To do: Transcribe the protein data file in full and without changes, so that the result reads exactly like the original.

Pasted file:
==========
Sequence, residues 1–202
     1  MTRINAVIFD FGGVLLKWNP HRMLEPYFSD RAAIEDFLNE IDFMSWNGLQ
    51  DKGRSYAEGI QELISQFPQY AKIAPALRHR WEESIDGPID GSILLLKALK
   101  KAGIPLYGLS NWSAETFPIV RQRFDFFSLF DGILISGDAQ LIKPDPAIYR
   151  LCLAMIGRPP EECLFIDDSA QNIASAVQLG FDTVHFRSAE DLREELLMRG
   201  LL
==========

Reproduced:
Sequence, residues 1–202
     1  MTRINAVIFD FGGVLLKWNP HRMLEPYFSD RAAIEDFLNE IDFMSWNGLQ
    51  DKGRSYAEGI QELISQFPQY AKIAPALRHR WEESIDGPID GSILLLKALK
   101  KAGIPLYGLS NWSAETFPIV RQRFDFFSLF DGILISGDAQ LIKPDPAIYR
   151  LCLAMIGRPP EECLFIDDSA QNIASAVQLG FDTVHFRSAE DLREELLMRG
   201  LL